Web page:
Social Policy & Programs Consulting
Training and Services for agencies working toward social and economic justice
October 29, 2020
My Family and the 1952 Steel Strike
Every Pittsburgh family has multiple stories about the steel mills. This is one of mine.
My grandfather, Frank Gracy, began working as a laborer in the Jones and Laughlin Pittsburgh Works steel mill – also known as J&L Southside – in 1927. Around 1940, he became a foreman, though he always strongly supported working people. We all called him Pappap.
When the US entered World War II, he was exempt from the draft because the war effort needed his skills in the mill. He won an award from the War Department for developing the first successful formula for making the armor plate for the tanks. He was very proud that he, with his fourth-grade education, figured it out when all of the “college boy” metallurgists couldn’t do it.
Anyway, Pappap married Nana – Rose Vucic – in 1929. They had five children – four daughters and a son. The four girls came first; my mother was the second, and had married my father in 1951. During the war, Nana was a Rosie the Riveter lady, but that’s another story. On June 2, 1952, the United Steelworkers Union went on strike for higher wages. It lasted 53 days. That was the one where President Harry Truman nationalized the steel industry, but lost in the Supreme Court.
While the workers picketed outside the Southside mill gates, the managers – including Pappap – were locked inside the mill. They had to stay in to maintain the machinery, including the tremendous heat in the famous open hearth oven. Everyone knew that the strike could end at any time, but if they let the ovens cool down, it would take weeks to build up the appropriate heat again. And post-war America needed steel for its expansion. Baby boomer families needed stuff.
The atmosphere on the picket lines was very contentious. Everyone was afraid of violence if the managers walked in and out several times a day, so they locked themselves inside for the duration. No one knew how long that would be. Since the men were stuck inside, their wives threw food, clean laundry, and such over the back fence late at night.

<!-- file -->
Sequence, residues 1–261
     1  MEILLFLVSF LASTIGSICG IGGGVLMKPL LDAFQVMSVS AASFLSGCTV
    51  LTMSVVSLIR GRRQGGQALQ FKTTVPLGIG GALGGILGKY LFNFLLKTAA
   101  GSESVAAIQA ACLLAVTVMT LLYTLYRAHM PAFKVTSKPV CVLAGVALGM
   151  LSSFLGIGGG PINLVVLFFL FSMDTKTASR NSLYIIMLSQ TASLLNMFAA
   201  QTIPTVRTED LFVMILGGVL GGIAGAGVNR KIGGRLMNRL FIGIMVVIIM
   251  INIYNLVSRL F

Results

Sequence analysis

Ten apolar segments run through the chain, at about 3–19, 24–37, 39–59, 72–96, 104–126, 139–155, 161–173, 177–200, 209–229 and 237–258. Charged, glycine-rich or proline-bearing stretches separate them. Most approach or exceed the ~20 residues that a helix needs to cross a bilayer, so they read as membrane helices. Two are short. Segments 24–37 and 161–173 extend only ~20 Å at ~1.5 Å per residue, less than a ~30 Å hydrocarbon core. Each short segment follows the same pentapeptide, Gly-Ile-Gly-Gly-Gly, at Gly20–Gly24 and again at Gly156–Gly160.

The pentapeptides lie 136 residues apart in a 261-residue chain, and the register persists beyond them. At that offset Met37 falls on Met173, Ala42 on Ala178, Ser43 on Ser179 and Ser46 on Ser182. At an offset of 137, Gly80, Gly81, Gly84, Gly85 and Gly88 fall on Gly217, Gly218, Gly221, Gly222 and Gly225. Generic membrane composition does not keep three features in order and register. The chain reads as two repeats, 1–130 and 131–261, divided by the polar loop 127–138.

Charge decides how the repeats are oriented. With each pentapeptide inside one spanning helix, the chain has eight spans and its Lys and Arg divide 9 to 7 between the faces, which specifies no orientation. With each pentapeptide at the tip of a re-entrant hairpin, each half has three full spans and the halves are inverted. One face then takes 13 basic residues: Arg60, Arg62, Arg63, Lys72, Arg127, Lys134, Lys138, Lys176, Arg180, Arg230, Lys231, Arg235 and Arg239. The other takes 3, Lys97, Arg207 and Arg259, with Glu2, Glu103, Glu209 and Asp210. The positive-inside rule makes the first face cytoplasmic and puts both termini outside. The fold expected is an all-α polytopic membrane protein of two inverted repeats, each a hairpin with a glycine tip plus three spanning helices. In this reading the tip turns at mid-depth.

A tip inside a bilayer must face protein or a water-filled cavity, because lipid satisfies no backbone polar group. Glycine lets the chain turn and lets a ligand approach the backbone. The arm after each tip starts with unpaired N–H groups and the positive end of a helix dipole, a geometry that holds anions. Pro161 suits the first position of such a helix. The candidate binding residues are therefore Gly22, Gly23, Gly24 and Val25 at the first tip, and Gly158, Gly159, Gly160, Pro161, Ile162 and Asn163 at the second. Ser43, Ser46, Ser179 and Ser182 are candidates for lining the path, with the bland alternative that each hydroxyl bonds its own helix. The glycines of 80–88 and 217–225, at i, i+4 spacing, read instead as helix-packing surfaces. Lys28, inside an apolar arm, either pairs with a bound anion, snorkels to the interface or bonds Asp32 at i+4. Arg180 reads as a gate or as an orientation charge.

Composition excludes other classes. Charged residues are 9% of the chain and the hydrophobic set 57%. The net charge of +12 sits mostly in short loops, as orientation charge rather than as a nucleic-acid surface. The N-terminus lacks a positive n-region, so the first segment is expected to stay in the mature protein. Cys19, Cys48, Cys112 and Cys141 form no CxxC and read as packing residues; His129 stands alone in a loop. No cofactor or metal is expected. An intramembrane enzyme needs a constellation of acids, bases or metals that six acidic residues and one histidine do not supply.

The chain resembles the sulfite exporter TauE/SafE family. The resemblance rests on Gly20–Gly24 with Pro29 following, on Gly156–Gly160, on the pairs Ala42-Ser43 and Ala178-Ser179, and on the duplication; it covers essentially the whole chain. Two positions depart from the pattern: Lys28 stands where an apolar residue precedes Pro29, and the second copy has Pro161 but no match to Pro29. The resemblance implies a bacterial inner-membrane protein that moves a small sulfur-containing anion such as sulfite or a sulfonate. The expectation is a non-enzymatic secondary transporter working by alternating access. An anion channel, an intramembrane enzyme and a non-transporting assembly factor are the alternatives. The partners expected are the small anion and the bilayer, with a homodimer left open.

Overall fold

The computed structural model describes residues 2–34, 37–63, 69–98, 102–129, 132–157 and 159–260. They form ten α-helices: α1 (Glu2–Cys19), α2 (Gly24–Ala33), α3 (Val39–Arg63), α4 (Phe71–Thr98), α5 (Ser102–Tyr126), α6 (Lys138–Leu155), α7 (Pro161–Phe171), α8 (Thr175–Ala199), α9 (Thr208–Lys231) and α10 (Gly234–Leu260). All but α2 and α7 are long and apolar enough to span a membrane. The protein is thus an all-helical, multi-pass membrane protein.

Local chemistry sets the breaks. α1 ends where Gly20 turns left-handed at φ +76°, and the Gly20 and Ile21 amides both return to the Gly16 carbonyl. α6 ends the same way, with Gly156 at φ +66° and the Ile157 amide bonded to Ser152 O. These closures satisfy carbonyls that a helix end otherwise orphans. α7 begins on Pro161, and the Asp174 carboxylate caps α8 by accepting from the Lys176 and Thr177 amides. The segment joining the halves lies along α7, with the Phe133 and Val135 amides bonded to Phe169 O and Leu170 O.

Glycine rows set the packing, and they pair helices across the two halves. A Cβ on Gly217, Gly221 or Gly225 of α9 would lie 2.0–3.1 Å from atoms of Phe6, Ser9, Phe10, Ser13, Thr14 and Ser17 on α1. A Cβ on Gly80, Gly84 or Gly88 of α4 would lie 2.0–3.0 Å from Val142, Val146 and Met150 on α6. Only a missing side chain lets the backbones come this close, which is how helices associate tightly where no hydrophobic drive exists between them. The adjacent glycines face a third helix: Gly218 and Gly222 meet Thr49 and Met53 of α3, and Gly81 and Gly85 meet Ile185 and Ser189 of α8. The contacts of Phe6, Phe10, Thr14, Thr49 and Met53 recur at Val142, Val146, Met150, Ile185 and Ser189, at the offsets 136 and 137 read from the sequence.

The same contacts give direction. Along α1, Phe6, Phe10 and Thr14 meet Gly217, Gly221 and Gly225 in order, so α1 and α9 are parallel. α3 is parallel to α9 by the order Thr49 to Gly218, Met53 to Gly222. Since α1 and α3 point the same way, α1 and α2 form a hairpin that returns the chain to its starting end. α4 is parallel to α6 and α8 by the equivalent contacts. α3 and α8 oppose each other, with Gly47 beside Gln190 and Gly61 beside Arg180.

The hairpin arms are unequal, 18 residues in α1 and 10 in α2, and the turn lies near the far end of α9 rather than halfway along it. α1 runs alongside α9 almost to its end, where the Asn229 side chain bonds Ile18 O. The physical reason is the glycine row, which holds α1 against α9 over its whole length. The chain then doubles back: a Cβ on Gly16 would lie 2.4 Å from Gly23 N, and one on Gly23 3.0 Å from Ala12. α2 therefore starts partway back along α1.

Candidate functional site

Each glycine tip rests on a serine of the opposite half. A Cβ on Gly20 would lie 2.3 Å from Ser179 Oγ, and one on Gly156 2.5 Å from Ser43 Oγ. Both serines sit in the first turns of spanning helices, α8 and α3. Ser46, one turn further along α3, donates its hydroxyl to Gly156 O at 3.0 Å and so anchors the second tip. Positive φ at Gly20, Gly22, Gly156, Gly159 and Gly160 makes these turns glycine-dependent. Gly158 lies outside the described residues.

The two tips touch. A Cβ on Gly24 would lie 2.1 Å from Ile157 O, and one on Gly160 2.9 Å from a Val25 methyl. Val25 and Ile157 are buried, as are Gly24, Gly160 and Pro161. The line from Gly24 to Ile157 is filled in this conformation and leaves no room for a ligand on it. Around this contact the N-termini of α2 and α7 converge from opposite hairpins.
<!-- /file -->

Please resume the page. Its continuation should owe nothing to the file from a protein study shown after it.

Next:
Nana and Pappap
New Year's Eve, 1952
Meanwhile, Mom’s younger sister, Aunt Lois, met a guy. Ken was in the army, stationed in Idaho, and about to be sent to Europe for a year. Lois and Ken met through mutual friends when Ken came to Pittsburgh with an army buddy for a visit. Ken was from Scranton. Since he was stuck in the mill, Pappap hadn’t met Ken yet. Lois announced that she and Ken were getting married within a week, and Pappap had to be at the church (St. Mary’s on Mt. Washington) to “give her away” – and the American steel industry had better not interfere.
So, on her nightly supply run to the back fence, Nana told Pappap that he
had to come home, or Lois would run away to get married.
Profanity ensued. So, after all the bluster, Pappap arranged
to climb the fence, sneak out of the mill, put on a suit, and take his
daughter to her wedding on June 10. The first time he met Ken was at
the altar. The wedding ended and Pappap had to sneak back into the mill
without getting caught. By the time the strike ended on July 24, Uncle Ken
was in England and Lois was pregnant.
Pappap and Uncle Ken didn’t meet again until 1953, after my cousin Ellen
was born. I was born in 1954.
Southside Open Hearth, 1955
Pappap is in lower right portion, with arms raised.
(c) Carnegie Museum of Art
Aunt Lois and Uncle Ken were married for 40 years until her death in 1992. He’s still with us.
They had six kids and a boatload of grandkids. We heard that story many, many times.
And every time, Pappap glared at Ken and … insert profanity here.
Patricia A. O'Malley
Social Policy & Programs Consulting ~ Community Matters
P.O. Box 97803 ~ Pittsburgh, PA 15227 ~ 412-310-4886 ~ email@example.com
Copyright Patricia A. O'Malley ~ All rights reserved